Alexis Tsipras avoided a snap election by winning the support of 151 MPs in the 300-seat Greek parliament. His coalition partners the Independent Greeks pulled out over a treaty resolving the decades-old row with the former Yugoslav Republic of Macedonia about the name the country shares with a region of northern Greece, and Tsipras’ minority government only survived with the backing of a handful of MPs from other parties. That’s why May clings to the DUP.
While Tsipras will now stay on until scheduled elections in October, his left-wing Syriza party looks set to be ousted by the centre right New Democracy. It will close a circle a decade in the drawing, reversing the first big political shock of the Great Recession – a series that includes Brexit.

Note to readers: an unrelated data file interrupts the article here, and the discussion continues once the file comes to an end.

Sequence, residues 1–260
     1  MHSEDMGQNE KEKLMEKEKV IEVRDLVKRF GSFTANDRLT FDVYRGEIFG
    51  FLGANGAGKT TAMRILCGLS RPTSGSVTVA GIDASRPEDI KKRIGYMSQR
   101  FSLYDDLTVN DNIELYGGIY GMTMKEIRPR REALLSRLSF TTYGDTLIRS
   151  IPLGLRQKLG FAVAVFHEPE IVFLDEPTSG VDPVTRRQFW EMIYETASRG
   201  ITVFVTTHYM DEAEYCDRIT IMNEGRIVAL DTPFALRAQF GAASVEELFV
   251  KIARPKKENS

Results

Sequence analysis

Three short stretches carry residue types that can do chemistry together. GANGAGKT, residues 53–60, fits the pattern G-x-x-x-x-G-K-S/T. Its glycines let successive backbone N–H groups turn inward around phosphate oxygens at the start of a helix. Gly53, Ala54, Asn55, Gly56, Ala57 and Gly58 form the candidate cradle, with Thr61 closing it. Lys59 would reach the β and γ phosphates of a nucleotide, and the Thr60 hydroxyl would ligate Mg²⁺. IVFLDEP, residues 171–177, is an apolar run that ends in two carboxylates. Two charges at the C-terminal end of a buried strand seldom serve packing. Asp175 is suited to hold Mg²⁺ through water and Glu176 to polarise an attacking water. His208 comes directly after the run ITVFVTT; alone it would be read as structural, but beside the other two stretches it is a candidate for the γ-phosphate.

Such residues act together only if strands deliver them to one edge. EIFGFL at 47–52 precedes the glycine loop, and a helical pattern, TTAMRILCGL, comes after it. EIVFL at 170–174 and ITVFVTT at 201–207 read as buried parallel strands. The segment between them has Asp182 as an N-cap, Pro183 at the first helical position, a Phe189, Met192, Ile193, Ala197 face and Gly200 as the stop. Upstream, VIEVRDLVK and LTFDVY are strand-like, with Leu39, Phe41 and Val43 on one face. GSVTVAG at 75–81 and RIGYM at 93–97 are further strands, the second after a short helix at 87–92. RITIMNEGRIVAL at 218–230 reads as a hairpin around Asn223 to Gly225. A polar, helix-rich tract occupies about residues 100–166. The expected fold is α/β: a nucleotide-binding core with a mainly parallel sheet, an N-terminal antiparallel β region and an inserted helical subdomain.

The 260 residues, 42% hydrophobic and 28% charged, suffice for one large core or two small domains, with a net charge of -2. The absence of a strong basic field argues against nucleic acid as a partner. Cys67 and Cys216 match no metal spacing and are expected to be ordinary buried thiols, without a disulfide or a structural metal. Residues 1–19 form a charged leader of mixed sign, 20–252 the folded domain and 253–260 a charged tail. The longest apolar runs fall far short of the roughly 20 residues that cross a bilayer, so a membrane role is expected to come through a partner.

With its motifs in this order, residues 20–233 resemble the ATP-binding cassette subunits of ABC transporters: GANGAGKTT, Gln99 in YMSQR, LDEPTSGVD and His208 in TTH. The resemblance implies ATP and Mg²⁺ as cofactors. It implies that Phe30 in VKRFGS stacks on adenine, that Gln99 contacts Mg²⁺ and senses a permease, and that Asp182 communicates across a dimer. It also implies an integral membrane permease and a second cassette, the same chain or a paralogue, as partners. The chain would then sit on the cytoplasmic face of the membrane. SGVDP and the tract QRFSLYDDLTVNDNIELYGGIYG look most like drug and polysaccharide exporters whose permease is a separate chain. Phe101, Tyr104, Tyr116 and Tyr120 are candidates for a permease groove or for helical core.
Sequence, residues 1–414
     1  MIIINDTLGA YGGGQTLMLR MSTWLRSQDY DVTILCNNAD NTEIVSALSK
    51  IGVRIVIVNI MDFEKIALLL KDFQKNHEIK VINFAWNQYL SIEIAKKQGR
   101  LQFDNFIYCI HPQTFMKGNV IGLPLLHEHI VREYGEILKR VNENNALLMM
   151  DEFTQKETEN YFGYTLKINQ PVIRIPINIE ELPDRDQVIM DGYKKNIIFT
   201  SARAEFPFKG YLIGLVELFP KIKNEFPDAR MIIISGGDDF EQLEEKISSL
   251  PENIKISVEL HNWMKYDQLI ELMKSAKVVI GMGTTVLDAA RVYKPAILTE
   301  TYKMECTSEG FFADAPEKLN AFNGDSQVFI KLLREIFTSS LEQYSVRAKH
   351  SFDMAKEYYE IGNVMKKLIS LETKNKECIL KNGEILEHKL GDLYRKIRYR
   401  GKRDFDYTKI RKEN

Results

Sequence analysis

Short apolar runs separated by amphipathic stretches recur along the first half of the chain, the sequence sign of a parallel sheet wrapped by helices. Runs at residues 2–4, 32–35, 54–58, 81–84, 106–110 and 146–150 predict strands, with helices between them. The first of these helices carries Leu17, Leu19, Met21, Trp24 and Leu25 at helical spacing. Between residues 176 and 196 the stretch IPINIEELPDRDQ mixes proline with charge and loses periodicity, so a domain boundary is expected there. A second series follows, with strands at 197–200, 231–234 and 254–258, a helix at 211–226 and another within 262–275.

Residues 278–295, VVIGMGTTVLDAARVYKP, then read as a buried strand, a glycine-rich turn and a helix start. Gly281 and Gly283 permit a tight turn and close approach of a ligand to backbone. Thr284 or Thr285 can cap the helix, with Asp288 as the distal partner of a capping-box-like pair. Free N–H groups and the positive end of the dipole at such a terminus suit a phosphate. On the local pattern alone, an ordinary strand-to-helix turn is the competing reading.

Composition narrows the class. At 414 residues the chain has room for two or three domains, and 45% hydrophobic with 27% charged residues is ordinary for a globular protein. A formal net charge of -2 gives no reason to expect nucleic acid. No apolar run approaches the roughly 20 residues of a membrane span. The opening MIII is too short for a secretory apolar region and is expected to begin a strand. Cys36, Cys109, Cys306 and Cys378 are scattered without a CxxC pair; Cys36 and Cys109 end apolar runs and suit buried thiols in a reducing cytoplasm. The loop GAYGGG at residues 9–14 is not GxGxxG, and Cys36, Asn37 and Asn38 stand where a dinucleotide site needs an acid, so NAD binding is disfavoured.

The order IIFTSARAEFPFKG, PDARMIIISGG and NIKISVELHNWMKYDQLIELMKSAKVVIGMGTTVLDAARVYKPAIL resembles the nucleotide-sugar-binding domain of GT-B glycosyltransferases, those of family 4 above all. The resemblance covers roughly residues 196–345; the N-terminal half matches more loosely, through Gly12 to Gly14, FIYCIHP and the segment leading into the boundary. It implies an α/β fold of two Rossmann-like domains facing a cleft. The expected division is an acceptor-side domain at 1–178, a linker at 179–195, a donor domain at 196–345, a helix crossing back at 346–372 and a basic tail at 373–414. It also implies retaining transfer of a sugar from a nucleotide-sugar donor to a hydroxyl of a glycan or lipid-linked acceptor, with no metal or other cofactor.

It’s worth reflecting on what happened in Greece in the intervening years. The most left-wing government in modern Greek history grudgingly accepted the punishing bailout from the EU that kept the country in the euro. Public pain has bought a balanced budget, at the cost of a quarter of Greece’s economy. Swastikas returned to the streets, this time carried by Greeks. Tsipras, who angrily condemned Angela Merkel before his election, warmly welcomed her to Athens this month. In all that time, despite a readiness four years ago to tumble out of the European currency, there has never been a plurality of opinion in favour of leaving the EU.
Greek anger was tempered by the knowledge that their country had no unbroken tradition of parliamentary democracy before joining the EU. How much has changed since 1981 was proven when the leader of the Independent Greeks resigned as defence secretary: the head of the armed forces was named as an emergency appointment. Half a century ago, his predecessors were imprisoning Tsipras’ political forefathers on a barren leper colony in the Aegean.